Only a fool would start writing a brand concept without doing the necessary homework. I will show you how to write a brand concept that uses the brand idea, consumer insights, functional and emotional consumer benefits, and support points. Our brand concept process can also work for a product concept. Furthermore, I will provide a few different brand concept examples. Think of your brand concept as you would a 30 second TV ad or a digital billboard. Most importantly, stay focused on your most essential messages. If you start with a blank piece of paper, you will end up with a random chance at success.
Be as realistic a manner as possible. Narrow down to one main benefit and two support points. Moreover, think of it as fitting on your package, a print ad, or a sales pitch. Too many brand leaders try to write concepts that include everything. They put in a long list of claims and reasons to believe.
There is no value in writing a cluttered concept with every possible point just to pass a test. You will find yourself unable to execute that concept in the market. That’s just not realistic.
When testing brand concepts with consumers, write a few different options. You can use qualitative focus groups or quantitative testing. You can also use this process for new product concepts.
To illustrate, click on the diagram of the brand concept process.
The fundamentals of marketing matter
The marketing fundamentals that we show in this article are part of what we use in our marketing training programs. Marketers will learn strategic thinking, brand positioning, brand plans, writing creative briefs, advertising decision-making, marketing analytics, and marketing finance.
Brand concept example
- To start, the main headline should capture your brand idea. The headline is the first thing consumers will see. And, it will influence how they engage the rest of the concept.
- Second, every concept should start with a consumer insight (connection point) or consumer enemy (pain point). This helps captivate consumers enough to make them stop and think, “That’s exactly how I feel.” Your consumers feel more engaged with your concept. As well, the enemy or insight should set up the brand promise.
- Third, layer in the promise statement to bring the main consumer benefit to life with a balance of emotional and functional benefits.
- Next, use support points should close off any gaps that consumers may have after reading the main benefit. In addition, an emotional benefit may require functional support to cover off any doubt lingering in the consumer’s mind.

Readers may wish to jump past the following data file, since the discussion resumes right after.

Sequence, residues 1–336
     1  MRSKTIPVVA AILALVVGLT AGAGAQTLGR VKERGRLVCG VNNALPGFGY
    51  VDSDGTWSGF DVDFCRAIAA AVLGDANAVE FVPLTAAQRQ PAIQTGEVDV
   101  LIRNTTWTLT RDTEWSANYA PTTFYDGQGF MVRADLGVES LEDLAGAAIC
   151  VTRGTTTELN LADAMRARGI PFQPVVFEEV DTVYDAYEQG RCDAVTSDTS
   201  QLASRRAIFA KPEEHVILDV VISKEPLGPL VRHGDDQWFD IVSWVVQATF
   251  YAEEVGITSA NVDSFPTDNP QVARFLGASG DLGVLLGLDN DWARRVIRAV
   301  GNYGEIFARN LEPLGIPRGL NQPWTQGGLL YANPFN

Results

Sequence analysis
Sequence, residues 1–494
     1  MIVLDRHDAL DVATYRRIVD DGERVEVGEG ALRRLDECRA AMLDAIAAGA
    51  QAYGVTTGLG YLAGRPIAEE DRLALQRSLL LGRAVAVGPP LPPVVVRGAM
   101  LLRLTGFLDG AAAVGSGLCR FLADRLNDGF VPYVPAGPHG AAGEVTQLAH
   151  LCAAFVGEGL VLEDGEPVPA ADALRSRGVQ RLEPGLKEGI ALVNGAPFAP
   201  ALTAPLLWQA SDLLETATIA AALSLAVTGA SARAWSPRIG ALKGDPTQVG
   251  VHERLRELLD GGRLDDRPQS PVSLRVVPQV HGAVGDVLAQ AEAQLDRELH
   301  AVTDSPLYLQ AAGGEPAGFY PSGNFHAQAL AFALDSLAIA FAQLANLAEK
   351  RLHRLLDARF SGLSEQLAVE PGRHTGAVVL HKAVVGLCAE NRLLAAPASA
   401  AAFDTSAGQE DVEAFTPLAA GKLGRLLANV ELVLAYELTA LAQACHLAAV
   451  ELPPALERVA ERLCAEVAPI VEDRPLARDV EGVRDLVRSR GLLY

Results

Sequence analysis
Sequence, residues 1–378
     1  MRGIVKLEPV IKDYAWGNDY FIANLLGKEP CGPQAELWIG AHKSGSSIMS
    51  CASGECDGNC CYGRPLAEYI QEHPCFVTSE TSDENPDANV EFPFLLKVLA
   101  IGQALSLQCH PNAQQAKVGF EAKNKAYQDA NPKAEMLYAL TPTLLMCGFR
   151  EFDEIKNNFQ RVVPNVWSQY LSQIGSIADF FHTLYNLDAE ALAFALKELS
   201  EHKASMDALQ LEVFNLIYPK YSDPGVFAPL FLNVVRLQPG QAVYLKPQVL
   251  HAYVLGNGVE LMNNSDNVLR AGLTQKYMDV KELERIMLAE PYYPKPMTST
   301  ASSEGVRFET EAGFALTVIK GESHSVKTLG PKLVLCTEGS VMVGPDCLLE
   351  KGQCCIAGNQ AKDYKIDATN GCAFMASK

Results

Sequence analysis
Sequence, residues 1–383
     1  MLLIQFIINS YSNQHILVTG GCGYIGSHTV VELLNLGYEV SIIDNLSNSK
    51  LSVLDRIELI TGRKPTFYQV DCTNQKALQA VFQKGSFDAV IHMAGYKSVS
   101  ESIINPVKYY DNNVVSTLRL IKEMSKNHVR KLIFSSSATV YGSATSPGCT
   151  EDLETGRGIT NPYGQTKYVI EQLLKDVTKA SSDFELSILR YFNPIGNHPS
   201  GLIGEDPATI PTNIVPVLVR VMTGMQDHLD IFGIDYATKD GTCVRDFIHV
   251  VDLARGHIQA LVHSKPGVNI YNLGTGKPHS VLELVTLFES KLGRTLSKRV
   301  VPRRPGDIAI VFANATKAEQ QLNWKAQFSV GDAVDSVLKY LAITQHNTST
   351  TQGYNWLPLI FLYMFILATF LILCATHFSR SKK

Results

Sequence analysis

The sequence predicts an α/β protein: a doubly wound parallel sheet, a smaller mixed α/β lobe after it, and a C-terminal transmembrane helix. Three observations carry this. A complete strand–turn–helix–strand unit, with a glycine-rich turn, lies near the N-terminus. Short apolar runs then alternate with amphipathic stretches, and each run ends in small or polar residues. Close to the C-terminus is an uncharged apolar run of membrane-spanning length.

- Finally, complete the concept with a motivating call-to-action to prompt the consumer’s purchase intent, which is a significant part of concept testing. Furthermore, adding a supporting visual is recommended.
- This process will work for both brand concepts or new product concepts.
To illustrate, click on the diagram of the brand concept example.
To illustrate, click on the diagram to zoom in on the brand concept.
Your brand concept should build upon the brand positioning statement, which provides the most useful function of taking everything you know about your brand, everything that could be said about the consumer and making choices to pick one target that you’ll serve and one brand promise you will stand behind.
A best in class brand positioning statement has four key elements:
- Target Market (1)
- Definition of the market you play in (2)
- Brand Promise (emotional or rational benefit) (3)
- The Reason to Believe (RTB) the brand promise (4)
The classic way to write a brand positioning statement is to take the elements above and frame them into the following: For the target market (1) Brand X plays in the market (2) and it gives the main benefit (3). That’s because of the following reasons to believe (4). Once you have your brand positioning statement, and your brand idea, you can build a brand concept. This process also works for product concepts.
Why brand concept testing is the key to building a winning brand
The concept testing process is a systematic way to find out what people think of your idea and whether they would be interested in it.
It is one stage in the development process where you can get valuable feedback before you invest time and money into developing a product, service or technology that may not be what people want or need.
The more information you can gather from different sources at the concept testing stage, the better chance you have of creating a successful new product.